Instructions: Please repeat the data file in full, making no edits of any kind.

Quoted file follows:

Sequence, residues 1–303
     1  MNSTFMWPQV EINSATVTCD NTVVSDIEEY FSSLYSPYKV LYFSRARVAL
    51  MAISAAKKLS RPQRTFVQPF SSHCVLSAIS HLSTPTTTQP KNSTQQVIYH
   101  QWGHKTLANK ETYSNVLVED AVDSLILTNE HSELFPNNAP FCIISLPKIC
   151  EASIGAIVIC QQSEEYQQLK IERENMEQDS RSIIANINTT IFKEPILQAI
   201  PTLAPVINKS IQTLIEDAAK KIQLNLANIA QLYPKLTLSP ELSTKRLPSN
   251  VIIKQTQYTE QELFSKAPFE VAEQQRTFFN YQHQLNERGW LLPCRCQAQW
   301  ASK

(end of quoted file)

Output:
Sequence, residues 1–303
     1  MNSTFMWPQV EINSATVTCD NTVVSDIEEY FSSLYSPYKV LYFSRARVAL
    51  MAISAAKKLS RPQRTFVQPF SSHCVLSAIS HLSTPTTTQP KNSTQQVIYH
   101  QWGHKTLANK ETYSNVLVED AVDSLILTNE HSELFPNNAP FCIISLPKIC
   151  EASIGAIVIC QQSEEYQQLK IERENMEQDS RSIIANINTT IFKEPILQAI
   201  PTLAPVINKS IQTLIEDAAK KIQLNLANIA QLYPKLTLSP ELSTKRLPSN
   251  VIIKQTQYTE QELFSKAPFE VAEQQRTFFN YQHQLNERGW LLPCRCQAQW
   301  ASK